On her tenth studio album Midnights, Taylor Swift reinvents herself yet again in this dazzling, surreal, dream-like trip of an album that’s full of surprising musical twists and turns.
For Swifties in 2020 and 2021, it was the best of times. But for those in 2022, it was the worst of crimes. For a while there, we really thought that the only Taylor Swift-related content we were going to be getting was the haunting song Carolina from the drama film Where the Crawdads Sing.
As great as that song was, we Swifties couldn’t help but wonder… where’s the new re-recording? A tenth studio album wasn’t even in the conversation, especially seeing as how Evermore only came out in December 2020.
But in a classic, shocking Taylor Swift move, the pop princess announced her tenth album Midnights while at the 2022 MTV Video Music Awards, in her acceptance speech for Video of the Year for All Too Well from Red (Taylor’s Version).
What followed in the ensuing months was an onslaught of fan speculation and theories wondering what exactly this brand-new record was going to sound like. There was no lead single ahead of its release, and we only knew the track titles. That’s it.
On Reputation’s lead single Look What You Made Me Do, Swift eerily says “The old Taylor can’t come to the phone right now / Why? / Oh, ‘cause she’s dead”. It was meant to serve as a chilling way to tell fans that the Swift they knew was out the door and more feisty than ever.
However, that lyric kind of seems better suited for her brand new tenth studio album Midnights. It’s without a doubt her most stylistically different body of work to date, incorporating electronic pop, chill-out, and synth-pop ingredients into one masterful package. It’s so not like Taylor Swift but also so like Taylor Swift at the same time.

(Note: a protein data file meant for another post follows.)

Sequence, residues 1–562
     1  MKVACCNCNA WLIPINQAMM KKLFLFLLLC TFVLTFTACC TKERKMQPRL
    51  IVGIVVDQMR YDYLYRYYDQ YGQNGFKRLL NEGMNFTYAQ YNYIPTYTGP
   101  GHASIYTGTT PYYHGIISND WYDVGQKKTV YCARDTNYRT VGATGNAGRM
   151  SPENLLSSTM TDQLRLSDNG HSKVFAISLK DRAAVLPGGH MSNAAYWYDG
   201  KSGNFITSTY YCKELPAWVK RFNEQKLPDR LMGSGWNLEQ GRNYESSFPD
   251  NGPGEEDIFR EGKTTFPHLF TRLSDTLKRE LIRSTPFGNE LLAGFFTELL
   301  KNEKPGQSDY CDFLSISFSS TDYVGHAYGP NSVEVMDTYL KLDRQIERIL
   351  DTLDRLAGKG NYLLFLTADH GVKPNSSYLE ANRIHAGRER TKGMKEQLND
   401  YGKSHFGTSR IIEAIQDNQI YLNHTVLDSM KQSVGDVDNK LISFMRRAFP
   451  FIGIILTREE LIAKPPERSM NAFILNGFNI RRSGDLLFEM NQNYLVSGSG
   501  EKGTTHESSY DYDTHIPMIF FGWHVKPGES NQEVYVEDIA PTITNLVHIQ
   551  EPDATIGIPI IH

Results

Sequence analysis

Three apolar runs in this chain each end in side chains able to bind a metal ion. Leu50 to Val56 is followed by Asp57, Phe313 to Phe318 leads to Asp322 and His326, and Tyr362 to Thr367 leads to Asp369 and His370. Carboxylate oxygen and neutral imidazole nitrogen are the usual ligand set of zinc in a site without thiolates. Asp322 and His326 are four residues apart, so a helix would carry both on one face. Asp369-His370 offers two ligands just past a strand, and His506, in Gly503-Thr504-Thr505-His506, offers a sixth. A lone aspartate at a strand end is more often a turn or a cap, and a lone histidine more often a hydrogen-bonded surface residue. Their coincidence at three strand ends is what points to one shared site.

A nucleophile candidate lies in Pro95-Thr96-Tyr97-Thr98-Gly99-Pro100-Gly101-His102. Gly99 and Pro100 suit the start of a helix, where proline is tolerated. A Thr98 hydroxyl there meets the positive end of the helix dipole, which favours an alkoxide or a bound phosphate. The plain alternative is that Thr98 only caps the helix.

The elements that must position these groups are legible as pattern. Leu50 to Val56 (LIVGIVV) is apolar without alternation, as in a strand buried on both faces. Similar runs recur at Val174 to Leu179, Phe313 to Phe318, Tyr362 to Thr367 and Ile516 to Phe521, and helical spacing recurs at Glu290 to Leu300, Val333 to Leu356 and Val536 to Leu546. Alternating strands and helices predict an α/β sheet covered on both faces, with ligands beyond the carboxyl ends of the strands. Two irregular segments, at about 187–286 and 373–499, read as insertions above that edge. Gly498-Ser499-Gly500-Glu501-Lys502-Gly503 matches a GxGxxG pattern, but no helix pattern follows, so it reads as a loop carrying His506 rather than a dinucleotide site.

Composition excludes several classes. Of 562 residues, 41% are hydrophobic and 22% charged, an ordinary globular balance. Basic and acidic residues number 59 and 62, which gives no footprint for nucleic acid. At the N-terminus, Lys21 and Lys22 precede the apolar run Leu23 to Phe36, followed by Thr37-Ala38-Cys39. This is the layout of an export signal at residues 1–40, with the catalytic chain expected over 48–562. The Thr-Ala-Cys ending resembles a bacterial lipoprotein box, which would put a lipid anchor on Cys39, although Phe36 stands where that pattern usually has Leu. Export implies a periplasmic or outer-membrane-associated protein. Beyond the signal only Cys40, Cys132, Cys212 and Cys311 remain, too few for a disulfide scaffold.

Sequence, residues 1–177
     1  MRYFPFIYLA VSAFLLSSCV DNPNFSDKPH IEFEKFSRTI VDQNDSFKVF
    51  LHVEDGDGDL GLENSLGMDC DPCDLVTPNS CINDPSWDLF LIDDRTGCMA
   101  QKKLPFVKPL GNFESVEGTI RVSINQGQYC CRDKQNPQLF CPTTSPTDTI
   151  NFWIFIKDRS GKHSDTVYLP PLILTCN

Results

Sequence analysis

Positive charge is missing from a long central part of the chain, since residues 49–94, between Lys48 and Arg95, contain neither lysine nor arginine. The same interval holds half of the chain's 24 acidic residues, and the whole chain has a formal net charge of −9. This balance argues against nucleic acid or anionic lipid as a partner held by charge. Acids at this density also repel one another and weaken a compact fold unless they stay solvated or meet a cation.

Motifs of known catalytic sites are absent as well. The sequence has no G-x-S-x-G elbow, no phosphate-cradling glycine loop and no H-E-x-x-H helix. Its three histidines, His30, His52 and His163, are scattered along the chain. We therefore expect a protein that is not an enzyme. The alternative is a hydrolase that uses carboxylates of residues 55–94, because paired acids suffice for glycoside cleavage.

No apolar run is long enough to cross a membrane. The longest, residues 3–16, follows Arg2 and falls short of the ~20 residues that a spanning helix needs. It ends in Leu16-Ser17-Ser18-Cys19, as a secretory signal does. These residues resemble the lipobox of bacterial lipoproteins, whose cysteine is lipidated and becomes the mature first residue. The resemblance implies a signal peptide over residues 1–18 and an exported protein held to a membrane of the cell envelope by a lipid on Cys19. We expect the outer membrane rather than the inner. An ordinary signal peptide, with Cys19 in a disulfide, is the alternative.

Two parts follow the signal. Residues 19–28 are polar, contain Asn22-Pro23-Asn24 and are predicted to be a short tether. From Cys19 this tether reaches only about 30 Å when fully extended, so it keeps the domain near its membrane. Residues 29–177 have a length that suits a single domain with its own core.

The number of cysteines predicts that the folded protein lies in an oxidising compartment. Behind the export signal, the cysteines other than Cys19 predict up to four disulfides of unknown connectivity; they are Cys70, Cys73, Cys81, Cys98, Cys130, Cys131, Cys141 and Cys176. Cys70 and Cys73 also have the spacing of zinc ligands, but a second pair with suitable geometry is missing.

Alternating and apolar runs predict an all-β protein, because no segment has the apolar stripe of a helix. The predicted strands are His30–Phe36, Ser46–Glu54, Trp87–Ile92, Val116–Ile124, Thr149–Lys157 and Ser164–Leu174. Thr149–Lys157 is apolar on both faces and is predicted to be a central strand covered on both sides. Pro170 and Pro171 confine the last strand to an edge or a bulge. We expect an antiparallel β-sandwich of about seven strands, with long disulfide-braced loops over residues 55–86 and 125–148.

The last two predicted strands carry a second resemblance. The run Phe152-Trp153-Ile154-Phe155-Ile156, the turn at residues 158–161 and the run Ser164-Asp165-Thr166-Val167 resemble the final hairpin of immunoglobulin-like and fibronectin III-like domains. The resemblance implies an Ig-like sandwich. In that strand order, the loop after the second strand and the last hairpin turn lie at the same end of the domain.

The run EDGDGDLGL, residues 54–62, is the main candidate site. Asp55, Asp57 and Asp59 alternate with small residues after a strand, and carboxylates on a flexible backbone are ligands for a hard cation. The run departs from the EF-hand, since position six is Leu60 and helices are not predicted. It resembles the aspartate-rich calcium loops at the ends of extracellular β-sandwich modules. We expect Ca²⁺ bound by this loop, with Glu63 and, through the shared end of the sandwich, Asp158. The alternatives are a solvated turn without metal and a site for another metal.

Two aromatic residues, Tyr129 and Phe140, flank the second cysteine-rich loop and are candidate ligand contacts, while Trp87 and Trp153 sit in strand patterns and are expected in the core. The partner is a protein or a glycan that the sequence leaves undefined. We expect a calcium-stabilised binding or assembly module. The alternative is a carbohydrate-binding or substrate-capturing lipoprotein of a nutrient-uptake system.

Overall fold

Lavender Haze may very well be the best album opener of hers of all time. It’s an extremely upbeat, disco-style song with an outrageously groovy instrumental and it shows that, even though it’s been a few years, Swift hasn’t lost her way lyrically.
Maroon kind of feels like the more grown-up and matured version of her smash hit Red, both of which incorporates similar themes of a love so incredible and all-encompassing that it’s burning red. “The mark they saw on my collarbone / The rust that grew between telephones / The lips I used to call home / So scarlet, it was maroon,” Swift sings in one of the album’s most infectious choruses.
This is not an album that you’re going to see being played on the radio all the time, and that’s because Swift made the bold decision to basically make this a relaxed synth-pop record. Even some of the choruses here wouldn’t fit on a radio station.
The unbelievably perfect Anti-Hero works on the radio because it has a fun sound to it as well as lyrics and an overall tone that feels like a modern-day pop smash. But Snow on the Beach for instance, would not, where Swift sings “And it’s like snow on the beach / Weird but fuckin’ beautiful / Flying in a dream / Stars by the pocketful.”
But it’s not an issue whatsoever because each and every one of these tracks is so wildly different from absolutely everything she has done so far in her career and they work so unbelievably well.
There’s also, of course, the iconic emotional track five and this time it’s in the form of You’re On Your Own, Kid which essentially follows a youngster who yearns for love but ultimately realizes that they’re all on their own. It’s an emotionally gripping song and one of the most impressive on the album as a whole.
Another absolute standout here has to be Bejewled, featuring a highly versatile instrumental despite it being produced by Jack Antonoff, who produced most of the rest of the tracks off this album. It almost sounds like a different producer came up with this one altogether.
To describe Midnights is a tricky task because it’s an insanely bold and daring album from Swift, who seems to have made peace with no longer making whole albums filled with certified chart toppers.
It’s a move, however, that I’m here for. Midnights is yet another album from Swift that will be on repeat for years to come.